Personality as equilibrium: fragility and plasticity in (inter-)personal identity
- 192 Downloads
The fabric of human life is ontologically different from the fabric of, for example, plant life. The plant is a living process of bodily growth enacted in and as xylem, phloem, tap-roots, etc. The human, on the contrary, is a living process of inhabiting a shared world of moral striving, aesthetic contemplation, political exploitation, erotic passion, and so on, and this process is enacted in and as inherently human relationships and practices. I note this contrast, not for the sake of making an argument about the external contrast between human experience and the life-situations of other organisms, but for the heuristic purpose of orienting us to the internal project of describing human experience on its own terms.1 The understanding of the existential fabric of human life requires different sorts of interpretive categories--a different ontology--than does the understanding of the fabric of vegetal life, and it is those categories that I aim to clarify here.
Long ago, Aristotle...
KeywordsSelf-identity Phenomenology Virtues of character Husserl Merleau-Ponty Aristotle Dynamic systems theory Personality development
- Barnes, G. (1985). The epistemology of Alcoholism. Alcoholism, 21, 71–86.Google Scholar
- Bateson, G. (1972). The cybernetics of ‘self’: A theory of alcoholism. In Steps to an Ecology of Mind. Chicago: University of Chicago Press.Google Scholar
- Beith, D. (2017). Moving into being: The motor basis of perception, balance and reading. In K. Jacobson & J. Russon (Eds.), Perception and Its Development in Merleau-Ponty's Phenomenology (pp. 123-141). Toronto: University of Toronto Press.Google Scholar
- Cachia, A. (2012). What can a body do? In What Can a Body Do? Exhibition catalog (pp. 4–8). Haverford: Haverford College.Google Scholar
- Cobb, E. (1977). The Ecology of imagination in children. New York: Columbia University Press.Google Scholar
- Costello, P. (2012). Layers in Husserl’s Phenomenology: On meaning and Intersubjectivity. Toronto: University of Toronto Press.Google Scholar
- Derrida, J. (1982). Signature, event, context. In Margins of Philosophy (A. Bass, Trans.) (pp. 307–30). Chicago: University of Chicago Press.Google Scholar
- Fritsch, K. (2010). Intimate assemblages: Disability, Intercorporeality, and the labour of attendant care. Critical Disability Discourse, 2, 1–14.Google Scholar
- Hegel, G. W. F. (1977). Phenomenology of Spirit (A.V. Miller, Trans.). Oxford: Oxford University Press.Google Scholar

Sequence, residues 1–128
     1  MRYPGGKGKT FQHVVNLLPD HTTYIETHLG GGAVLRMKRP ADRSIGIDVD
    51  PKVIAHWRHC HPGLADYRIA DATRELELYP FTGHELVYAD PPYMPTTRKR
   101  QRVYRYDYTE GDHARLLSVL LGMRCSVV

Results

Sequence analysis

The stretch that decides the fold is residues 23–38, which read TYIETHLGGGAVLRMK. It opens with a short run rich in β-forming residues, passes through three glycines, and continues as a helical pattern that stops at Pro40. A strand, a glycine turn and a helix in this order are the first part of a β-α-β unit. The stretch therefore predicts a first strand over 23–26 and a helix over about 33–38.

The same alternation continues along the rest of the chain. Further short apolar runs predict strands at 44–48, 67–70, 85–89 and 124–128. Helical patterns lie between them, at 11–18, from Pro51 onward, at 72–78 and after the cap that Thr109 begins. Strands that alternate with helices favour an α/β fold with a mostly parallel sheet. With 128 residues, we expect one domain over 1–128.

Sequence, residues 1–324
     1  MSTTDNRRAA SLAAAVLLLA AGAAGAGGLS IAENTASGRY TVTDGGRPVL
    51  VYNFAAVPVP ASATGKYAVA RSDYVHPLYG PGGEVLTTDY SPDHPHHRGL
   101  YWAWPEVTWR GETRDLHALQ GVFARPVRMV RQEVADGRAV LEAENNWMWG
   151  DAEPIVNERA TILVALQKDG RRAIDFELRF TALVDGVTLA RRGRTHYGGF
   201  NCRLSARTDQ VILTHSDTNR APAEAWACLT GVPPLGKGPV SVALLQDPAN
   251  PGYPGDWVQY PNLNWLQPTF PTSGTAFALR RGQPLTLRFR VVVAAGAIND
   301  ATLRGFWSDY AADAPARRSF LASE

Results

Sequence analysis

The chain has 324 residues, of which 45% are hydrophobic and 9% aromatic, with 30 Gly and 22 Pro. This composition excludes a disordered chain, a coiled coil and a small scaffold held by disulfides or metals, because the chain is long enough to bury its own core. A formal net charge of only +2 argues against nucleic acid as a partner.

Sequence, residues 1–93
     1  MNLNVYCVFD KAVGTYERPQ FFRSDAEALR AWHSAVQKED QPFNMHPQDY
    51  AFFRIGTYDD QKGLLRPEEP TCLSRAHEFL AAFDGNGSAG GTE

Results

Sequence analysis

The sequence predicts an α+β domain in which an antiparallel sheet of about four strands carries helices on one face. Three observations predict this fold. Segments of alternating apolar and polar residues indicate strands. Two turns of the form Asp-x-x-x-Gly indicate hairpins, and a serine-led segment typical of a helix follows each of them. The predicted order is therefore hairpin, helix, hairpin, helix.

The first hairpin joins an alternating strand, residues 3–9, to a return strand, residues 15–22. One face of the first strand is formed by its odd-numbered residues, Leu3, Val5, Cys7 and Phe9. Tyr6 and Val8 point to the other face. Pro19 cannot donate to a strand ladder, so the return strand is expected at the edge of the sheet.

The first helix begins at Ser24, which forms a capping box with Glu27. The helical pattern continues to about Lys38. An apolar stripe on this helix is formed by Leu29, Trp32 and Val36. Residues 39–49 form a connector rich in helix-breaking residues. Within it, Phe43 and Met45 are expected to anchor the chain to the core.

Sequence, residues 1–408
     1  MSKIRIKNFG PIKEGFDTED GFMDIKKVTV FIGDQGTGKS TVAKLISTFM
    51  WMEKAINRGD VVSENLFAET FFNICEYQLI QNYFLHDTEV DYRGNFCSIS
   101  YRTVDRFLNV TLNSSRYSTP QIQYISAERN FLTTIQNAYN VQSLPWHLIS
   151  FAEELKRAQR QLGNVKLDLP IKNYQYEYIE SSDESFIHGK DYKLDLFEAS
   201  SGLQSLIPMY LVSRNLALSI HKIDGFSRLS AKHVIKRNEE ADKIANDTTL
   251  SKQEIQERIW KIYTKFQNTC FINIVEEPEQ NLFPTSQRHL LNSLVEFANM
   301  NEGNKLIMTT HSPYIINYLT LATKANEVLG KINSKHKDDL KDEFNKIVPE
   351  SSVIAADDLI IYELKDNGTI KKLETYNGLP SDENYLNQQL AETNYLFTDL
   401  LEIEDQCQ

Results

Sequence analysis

- Heidegger, M. (1995). The Fundamental Concepts of Metaphysics: World, Finitude, Solitude (W. McNeill and N. Walker, Trans.). Indianapolis: Indiana University Press.Google Scholar
- Husserl, E. (1988). Cartesian Meditations (D. Cairns, Trans.). London: Kluwer.Google Scholar
- Husserl, E. (2002). Ideas Pertaining to a Pure Phenomenology and to a Phenomenological Psychology , Vol. II (R. Rojcewicz & A. Schwur, Trans.). Dordrecht: Kluwer.Google Scholar
- Kant, I. (2007). Critique of Pure Reason (N. Kemp Smith, Trans.). New York: Palgrave Macmillan.Google Scholar
- MacIntyre, A. (1999). Dependent rational animals: Why human beings need the virtues. Chicago: Open Court.Google Scholar
- Mairs, N. (1996). Waist-high in the world: A life among the non-disabled. Boston: Beacon.Google Scholar
- Merleau-Ponty, M. (2012). Phenomenology of Perception (D. A. Landes, Trans.). New York: Routledge.Google Scholar
- Rosen S. (1972–3). Sōphrosunē and Selbstbewußtsein. Review of Metaphysics 26, 617–642.Google Scholar
- Russon, J. (2004). The bodily unconscious in Freud's three essays. In J. Mills (Ed.), Rereading Freud: Psychoanalysis through Philosophy (pp. 33–50). Albany: State University of New York Press.Google Scholar
- Russon, J. (2016). Subjectivity and hermeneutics. In N. Keane & C. Lawn (Eds.), The Blackwell companion to hermeneutics (pp. 205–211). Chichester: Wiley-Blackwell.Google Scholar
- Sartre, J.-P. (1984). Being and Nothingness: A phenomenological essay in ontology. (H. E. Barnes, Trans.). New York: Washington Square.Google Scholar
- Siebers, T. (2013). Disability and the theory of complex embodiment—For identity Politics in a new register. In L. J. Davis (Ed.), The disability studies reader (pp. 278–297). New York: Routledge.Google Scholar
- Spitz, R. A. (1945). Hospitalism—An inquiry into the genesis of psychiatric conditions in early childhood. Psychoanalytic Study of the Child, 1, 53–74.Google Scholar
- Walker, B. & Meyers, J. A. (2004). Thresholds in ecological and social-ecological systems: A developing database. Ecology and Society, 9(2). http://www.ecologyandsociety.org/vol9/iss2/art3/.
- Walker, B., Holling, C. S., Carpenter, S. R., & Kinzig A. (2004). Resilience, adaptability and transformability in social-ecological systems. Ecology and Society, 9(2). http://www.ecologyandsociety.org/vol9/iss2/art5/.
- Winnicott, D. W. (1964). The child, the family, and the outside world. London: Pelican.Google Scholar
- Winnicott, D. W. (1986). The child in the family group. In Home is Where We Start From: Essays by a Psychoanalyst. New York: Norton.Google Scholar
- Wittgenstein, L. (1958). Philosophical Investigations (G.E.M. Anscombe, Trans.). Oxford: Blackwell.Google Scholar